The key to successful personal branding is to know who you are trying to attract. Many people's attempts at branding have failed because they were marketing that brand to the wrong audience. It's often not the brand that's at fault, or the product, service or person behind that brand, but rather the audience. It's a given that people respond to things they like and things that attract them. Many of these triggers are cultural or generational. Some may depend on education or political and spiritual beliefs. Others rely upon hobbies or interests. The thing to remember is that, in todays’ online market, there are as many potential audiences as they are brands to attract them. The greater variety of brands that exist, the greater the needs of the audiences for variety.

If you are of a certain age, you can remember a time before cable, before on demand and before streaming. Way back then, visual entertainment came over the airwaves and the only wires in the house carried electricity. TV in those days offered about four channels, on average. (Five, if you count public broadcasting.) As a viewer, or a consumer of media, you turned on the TV and watched what was available. The average viewer, or audience member, was content with these choices for two reasons. First, there was no alternative and second, they didn't know any better.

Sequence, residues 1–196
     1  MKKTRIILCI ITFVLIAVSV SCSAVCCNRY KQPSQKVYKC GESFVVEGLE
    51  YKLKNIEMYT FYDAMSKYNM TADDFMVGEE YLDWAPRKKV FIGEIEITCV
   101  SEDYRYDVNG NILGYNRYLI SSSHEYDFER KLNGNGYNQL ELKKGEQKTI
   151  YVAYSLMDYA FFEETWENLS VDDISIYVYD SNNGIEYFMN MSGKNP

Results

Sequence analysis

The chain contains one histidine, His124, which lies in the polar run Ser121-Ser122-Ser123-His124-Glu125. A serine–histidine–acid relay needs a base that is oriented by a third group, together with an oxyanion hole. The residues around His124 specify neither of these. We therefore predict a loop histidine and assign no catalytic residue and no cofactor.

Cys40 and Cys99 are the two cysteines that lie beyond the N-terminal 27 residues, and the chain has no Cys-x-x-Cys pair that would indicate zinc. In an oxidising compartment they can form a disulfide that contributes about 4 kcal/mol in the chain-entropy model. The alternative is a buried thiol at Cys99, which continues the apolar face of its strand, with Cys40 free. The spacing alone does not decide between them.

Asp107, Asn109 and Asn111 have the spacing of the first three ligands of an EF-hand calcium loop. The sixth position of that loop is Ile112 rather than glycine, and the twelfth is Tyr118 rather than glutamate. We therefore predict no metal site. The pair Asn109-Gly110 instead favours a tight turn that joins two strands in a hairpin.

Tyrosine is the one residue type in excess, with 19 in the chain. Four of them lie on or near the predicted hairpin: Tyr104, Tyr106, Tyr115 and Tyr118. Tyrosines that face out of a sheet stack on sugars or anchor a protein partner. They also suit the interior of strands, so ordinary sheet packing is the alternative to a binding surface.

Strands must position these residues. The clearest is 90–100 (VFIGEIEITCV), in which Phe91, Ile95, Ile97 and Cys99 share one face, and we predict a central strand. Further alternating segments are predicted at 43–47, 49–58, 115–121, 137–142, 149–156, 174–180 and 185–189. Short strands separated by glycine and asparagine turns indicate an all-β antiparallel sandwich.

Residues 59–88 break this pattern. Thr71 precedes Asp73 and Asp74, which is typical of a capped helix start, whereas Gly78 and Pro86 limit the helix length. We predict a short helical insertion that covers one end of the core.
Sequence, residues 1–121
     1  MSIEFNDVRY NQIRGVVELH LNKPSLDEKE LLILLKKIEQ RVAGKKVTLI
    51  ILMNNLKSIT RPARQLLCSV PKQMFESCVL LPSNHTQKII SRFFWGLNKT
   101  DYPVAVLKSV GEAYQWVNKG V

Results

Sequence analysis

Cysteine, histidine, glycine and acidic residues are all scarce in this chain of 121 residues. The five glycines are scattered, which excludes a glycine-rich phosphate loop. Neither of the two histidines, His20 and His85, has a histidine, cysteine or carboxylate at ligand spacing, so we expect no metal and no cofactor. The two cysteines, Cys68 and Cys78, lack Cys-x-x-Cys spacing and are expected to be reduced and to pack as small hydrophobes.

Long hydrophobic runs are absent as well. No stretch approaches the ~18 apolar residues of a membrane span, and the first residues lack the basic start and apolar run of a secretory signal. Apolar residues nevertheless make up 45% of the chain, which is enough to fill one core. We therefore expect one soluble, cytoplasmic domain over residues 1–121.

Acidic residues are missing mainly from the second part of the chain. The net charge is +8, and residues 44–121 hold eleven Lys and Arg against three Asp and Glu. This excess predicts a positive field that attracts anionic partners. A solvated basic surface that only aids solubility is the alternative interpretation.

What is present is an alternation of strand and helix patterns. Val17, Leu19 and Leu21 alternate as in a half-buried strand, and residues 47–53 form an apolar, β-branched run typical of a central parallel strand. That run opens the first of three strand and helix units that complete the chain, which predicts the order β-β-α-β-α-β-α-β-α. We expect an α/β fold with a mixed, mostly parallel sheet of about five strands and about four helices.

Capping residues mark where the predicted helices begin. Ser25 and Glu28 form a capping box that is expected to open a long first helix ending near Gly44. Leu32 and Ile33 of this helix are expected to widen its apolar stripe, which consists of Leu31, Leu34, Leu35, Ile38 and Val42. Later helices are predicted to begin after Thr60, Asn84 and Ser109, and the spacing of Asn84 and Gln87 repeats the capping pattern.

Slowly, however, as technology increased, so did the number of channels and viewing options. This increased number of channels meant that many different potential interests could be served. People didn't know that watching a network totally devoted to shopping could be interesting, until the technology allowed such a network to be a reality. As time went on, and channel volume kept increasing, even more specialized programing, as well as the audience it served began to occur. Shopping channels became sporting goods channels became hunting knife channels. The technology allowed the smaller brands to find the audience they needed.

This example explains the situation that exists online today. If you have a product or service, no matter how obscure or specialized, you can develop an audience that will appreciate what you sell. The key is in understanding that high-end hunting knives will not sell well to people who like jewelry. You need to realize what target audiences you are aiming for and then hit the mark that will make that audience clamor for what you're selling. When you know your audience, that audience will appreciate your brand.